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Radio clowns

How freeform Internet radio is giving voice to the strange, the crass, and the stoned
By CHRIS FARAONE  |  May 12, 2011


A hooker, an axe murderer, two white supremacists, and a little girl with pigtails are discussing their differences on air. Before long, the little girl is gnawing at the killer's ankle, while a Ku Klux Klansman takes a desk chair to the head. When that commotion ends, it's time to play Wheel of Fish, where one lucky contestant can win his or her weight in red snapper.

That's a description of a scene from the 1989 "Weird Al" Yankovic dorm classic UHF, in which a doomed channel with "the lowest ratings in television history" manages to top every major network in town. It is also the unofficial blueprint and motivation for UNregular Radio, a Downtown Crossing–based online radio station — run by five late-twentysomethings — that in the past year has become a force in Boston's fringe arts-and-entertainment community.

"That movie was a huge influence," says John Loftus, who started UNregular in a rented studio two years ago. "When I watched UHF as a kid, I remember thinking there was nothing cooler than having ridiculous programming that you can't find anywhere else. Nobody's ever going to approve that kind of shit at a commercial station, but it could turn out to be gold. I guess that's our business plan."

In the movie, an old-school UHF channel finds success by giving real people — weird people — a voice, even offering the cleaning guy (played by a pre-Kramer Michael Richards) his own children's show. UNregular is likewise democratic; only, since they don't have a janitor, their lead billing went to Dennis Robbins (better known as Dex Muthafukin Ter), a former circus clown and perpetually irie renaissance jester.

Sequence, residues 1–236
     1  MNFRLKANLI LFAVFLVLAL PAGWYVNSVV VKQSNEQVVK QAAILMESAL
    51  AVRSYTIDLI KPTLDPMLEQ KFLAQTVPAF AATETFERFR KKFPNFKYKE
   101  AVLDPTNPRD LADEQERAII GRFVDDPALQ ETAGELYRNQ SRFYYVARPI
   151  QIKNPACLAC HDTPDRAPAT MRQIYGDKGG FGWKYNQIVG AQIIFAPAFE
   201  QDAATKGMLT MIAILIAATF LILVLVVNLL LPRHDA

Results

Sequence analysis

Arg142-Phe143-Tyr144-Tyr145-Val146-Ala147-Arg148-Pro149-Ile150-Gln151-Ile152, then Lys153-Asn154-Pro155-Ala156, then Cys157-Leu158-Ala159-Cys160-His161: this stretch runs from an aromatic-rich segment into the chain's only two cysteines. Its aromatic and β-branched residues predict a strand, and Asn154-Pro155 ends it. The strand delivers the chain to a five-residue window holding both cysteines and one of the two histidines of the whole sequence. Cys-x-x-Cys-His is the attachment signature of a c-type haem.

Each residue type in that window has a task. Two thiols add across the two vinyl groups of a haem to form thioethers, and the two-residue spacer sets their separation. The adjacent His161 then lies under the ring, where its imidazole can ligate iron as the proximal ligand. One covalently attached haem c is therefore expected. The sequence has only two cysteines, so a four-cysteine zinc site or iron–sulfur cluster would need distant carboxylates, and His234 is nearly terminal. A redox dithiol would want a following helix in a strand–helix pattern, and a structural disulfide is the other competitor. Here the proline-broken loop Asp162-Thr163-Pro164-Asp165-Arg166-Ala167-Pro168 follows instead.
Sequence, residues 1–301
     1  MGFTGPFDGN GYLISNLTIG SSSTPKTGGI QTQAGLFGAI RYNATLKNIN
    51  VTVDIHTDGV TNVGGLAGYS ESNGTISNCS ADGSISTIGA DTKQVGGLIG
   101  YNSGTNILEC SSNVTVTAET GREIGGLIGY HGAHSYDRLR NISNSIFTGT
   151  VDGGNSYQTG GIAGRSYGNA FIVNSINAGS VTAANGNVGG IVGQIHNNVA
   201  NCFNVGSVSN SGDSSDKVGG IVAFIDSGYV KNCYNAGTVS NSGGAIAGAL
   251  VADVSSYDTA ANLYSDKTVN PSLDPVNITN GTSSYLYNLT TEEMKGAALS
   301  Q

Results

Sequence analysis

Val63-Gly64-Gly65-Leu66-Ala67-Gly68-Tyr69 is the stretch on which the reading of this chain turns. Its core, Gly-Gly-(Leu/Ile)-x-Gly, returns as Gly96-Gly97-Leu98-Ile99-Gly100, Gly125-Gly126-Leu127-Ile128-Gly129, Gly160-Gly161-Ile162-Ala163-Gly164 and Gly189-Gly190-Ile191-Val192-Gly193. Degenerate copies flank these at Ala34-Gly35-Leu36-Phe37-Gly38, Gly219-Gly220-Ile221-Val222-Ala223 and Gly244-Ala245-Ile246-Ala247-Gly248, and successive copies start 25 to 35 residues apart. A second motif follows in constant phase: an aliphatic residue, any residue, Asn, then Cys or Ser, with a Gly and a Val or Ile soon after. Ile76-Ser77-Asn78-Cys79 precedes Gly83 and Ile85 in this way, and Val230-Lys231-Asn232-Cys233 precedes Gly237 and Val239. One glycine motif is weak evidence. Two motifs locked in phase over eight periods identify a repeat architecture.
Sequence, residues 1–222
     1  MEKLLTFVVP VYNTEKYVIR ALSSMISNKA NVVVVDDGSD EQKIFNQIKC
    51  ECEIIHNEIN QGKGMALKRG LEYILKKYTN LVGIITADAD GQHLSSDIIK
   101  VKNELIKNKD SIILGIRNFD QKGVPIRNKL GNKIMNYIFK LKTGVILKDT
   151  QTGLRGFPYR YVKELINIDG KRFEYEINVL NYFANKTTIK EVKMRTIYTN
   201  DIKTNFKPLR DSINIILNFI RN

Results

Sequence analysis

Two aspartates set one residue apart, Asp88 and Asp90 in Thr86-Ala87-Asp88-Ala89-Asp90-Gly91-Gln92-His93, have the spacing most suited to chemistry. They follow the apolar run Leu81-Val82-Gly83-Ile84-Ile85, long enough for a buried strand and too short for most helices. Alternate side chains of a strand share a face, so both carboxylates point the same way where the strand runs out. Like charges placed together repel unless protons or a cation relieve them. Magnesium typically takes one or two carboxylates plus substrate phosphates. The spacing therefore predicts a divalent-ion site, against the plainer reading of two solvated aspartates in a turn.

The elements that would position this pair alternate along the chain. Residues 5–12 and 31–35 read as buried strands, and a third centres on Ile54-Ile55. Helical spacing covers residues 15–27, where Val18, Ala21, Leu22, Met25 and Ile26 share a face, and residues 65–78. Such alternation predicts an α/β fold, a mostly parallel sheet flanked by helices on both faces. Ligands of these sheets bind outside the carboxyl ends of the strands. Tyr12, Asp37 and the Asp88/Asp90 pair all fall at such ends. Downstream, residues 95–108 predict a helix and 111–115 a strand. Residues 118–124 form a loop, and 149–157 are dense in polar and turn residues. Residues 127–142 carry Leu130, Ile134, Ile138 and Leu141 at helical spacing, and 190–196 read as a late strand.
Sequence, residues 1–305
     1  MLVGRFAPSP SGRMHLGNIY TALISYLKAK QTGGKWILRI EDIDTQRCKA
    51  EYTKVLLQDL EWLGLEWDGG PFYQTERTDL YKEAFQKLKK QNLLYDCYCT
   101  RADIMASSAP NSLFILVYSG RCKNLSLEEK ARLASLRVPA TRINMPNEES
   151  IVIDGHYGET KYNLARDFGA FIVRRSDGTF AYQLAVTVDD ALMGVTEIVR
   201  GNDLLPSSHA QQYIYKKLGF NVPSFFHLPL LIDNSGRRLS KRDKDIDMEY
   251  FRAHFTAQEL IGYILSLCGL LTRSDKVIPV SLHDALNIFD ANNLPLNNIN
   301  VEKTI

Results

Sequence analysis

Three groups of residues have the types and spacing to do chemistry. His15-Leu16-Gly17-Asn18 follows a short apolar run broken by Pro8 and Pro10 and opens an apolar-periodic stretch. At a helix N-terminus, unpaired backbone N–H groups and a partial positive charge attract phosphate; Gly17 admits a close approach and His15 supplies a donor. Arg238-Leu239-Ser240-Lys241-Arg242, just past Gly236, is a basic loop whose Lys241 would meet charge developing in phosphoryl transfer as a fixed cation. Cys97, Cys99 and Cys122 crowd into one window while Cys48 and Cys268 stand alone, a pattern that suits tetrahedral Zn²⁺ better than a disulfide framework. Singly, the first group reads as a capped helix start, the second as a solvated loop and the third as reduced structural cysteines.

Located in a sweet party loft covered in wall-to-wall paintings, tapestries, and concert flyers, UNregular is more than just a radio station. This indie oasis — with a professional on-air studio, comfy couches conducive to pulling tubes, and enough space for several bands to jam at once — is also the home of F-Nice Records, which merged with UNregular a year ago. Together, their setup combines the resources of a record label, a screen-printing shop, a CD and DVD production house, and a Webcast — all revenue streams that keep the owners and five workers employed full-time.

Among local artists and music enthusiasts alike, UNregular is quickly gaining a dedicated fan base. They say unique visits to their Web site — where about half of their listeners tune in (the other half stream on iTunes and other services) — are almost doubling every month, closing in on half-a-million views in April. The most popular offering, Dex's Boston Local Music Show, clocks upward of 7000 listeners with each episode (as opposed to, say, the roughly 40,000 listeners that the 60-year-old WERS attracts at the same time). That sort of response has resulted in advertisers underwriting most UNregular shows, with companies like the Shipyard Brewing Company, Motor Mind Focus Drink, and various rolling-paper brands sponsoring entire broadcasts.

"It's all happening really fast," says Dex. "We knew it would go down this way, because nobody else is doing what we're doing with this kind of diversity and this level of fun. When we bring advertisers in here, and they see everything that's going on, they want in — they see that our fans are loyal."

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